There is a lot of research on how our mind works and the different levels of bias inherent in what we perceive. I’ve always been fascinated by the way our mind operates and how it influences the way we coach. Human behavior studies show a perceptual bias, where our personal motivations have an influence on what we see, and a response bias, when we report seeing what we wish to see.
There’s also significant data on confirmation bias which is the tendency to seek out, interpret, and favor information in a way that confirms our own beliefs. We actually ignore the information that contradicts the way we feel, and we process ambiguous information in a way that supports our beliefs. The bottom line is we see what we want to see.
I think about confirmation bias a lot when I coach and recruit. It’s a huge factor in evaluation. If you really want to like a kid when you go watch him play (or worse, you really need a player at that position), you are going to find ways to like him. If you have a bad impression of him from the beginning, you’ll find ways not to like him. Understanding the way your mind works will make you a better evaluator.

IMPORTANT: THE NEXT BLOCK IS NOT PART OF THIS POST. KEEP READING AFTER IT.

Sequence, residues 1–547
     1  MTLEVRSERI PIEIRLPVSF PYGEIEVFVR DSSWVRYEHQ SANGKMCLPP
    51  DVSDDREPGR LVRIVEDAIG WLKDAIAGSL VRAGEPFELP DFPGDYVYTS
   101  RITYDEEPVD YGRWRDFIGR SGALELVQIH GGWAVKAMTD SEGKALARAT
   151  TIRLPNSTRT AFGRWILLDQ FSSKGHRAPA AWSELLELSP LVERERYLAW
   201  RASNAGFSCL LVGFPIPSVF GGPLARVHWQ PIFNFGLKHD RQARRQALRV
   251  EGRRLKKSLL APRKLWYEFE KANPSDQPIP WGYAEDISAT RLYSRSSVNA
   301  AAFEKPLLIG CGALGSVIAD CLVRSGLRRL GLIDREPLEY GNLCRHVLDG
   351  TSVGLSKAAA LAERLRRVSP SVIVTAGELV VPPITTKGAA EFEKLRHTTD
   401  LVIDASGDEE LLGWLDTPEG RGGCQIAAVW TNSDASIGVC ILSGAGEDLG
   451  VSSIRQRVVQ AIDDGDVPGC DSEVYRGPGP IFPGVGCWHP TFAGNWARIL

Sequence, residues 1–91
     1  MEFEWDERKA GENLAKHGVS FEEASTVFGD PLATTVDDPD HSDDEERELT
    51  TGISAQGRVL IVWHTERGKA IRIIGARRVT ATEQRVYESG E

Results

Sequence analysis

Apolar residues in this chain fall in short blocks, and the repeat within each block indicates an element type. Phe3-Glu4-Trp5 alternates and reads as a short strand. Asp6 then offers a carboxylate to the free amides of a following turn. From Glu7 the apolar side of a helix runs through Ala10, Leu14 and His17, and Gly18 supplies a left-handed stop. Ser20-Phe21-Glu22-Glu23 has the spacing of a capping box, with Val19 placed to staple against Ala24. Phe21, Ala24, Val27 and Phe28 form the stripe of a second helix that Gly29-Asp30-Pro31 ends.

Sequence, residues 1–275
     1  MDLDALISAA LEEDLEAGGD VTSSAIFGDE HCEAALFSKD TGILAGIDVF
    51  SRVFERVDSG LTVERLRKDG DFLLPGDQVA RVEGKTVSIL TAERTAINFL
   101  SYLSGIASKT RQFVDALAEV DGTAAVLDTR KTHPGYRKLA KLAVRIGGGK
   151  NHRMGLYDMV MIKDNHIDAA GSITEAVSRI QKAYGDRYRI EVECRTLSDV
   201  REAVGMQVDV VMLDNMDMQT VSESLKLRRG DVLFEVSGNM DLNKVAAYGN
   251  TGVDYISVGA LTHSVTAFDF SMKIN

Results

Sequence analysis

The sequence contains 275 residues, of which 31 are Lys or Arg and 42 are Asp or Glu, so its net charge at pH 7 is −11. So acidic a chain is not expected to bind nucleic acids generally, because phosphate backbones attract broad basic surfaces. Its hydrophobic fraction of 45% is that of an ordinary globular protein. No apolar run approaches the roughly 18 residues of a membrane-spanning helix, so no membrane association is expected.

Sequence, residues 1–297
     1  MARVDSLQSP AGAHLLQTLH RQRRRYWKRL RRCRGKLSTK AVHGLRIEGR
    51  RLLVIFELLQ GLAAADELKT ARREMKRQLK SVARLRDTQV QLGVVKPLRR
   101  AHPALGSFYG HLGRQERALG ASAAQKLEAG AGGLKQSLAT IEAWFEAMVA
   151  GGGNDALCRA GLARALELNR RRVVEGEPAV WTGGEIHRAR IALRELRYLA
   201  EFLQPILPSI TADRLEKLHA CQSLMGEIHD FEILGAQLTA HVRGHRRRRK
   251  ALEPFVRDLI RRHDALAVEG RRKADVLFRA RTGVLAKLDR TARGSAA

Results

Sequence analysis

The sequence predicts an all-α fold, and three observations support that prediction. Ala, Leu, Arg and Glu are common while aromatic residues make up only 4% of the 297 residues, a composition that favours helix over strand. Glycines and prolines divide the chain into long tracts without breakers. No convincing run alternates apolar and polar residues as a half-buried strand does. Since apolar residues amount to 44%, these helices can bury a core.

It also can have a big impact on how we coach. I’m always trying to avoid putting players into a box. You get an impression of who a player is (he’s too soft, doesn’t have good feel, etc.) and you continue to see the things that confirm your impression. The soft kid is never going to shake that label. You always evaluate him through the “soft” lens and any play that he makes confirms what you think.
It’s really easy to coach your players into a corner. Especially when it comes time to make tough decisions on playing time. When you are trying to figure out who to start and how to establish your rotation, you need reasons. You need a rationale as to why some guys are playing and some guys are not. The kid who isn’t tough enough, doesn’t defend, or turns the ball over too much stays in that place and allows you to put the guys you want in the lineup. Many head coaches are looking for a comfort level, and they find it by confirming the the prevalent thoughts that are already in their mind.
It’s not easy as a coach because it’s literally the way the mind works. It’s not a conscious bias, so you don’t realize it’s happening. You really have to be self aware and evaluate how fairly you see things. A lot of players don’t get an opportunity to change their situation because of the way the are perceived, and our mind can play tricks on us.
Don’t coach a player to be the player you think he is to make you more comfortable. Give him a chance to get out of the corner.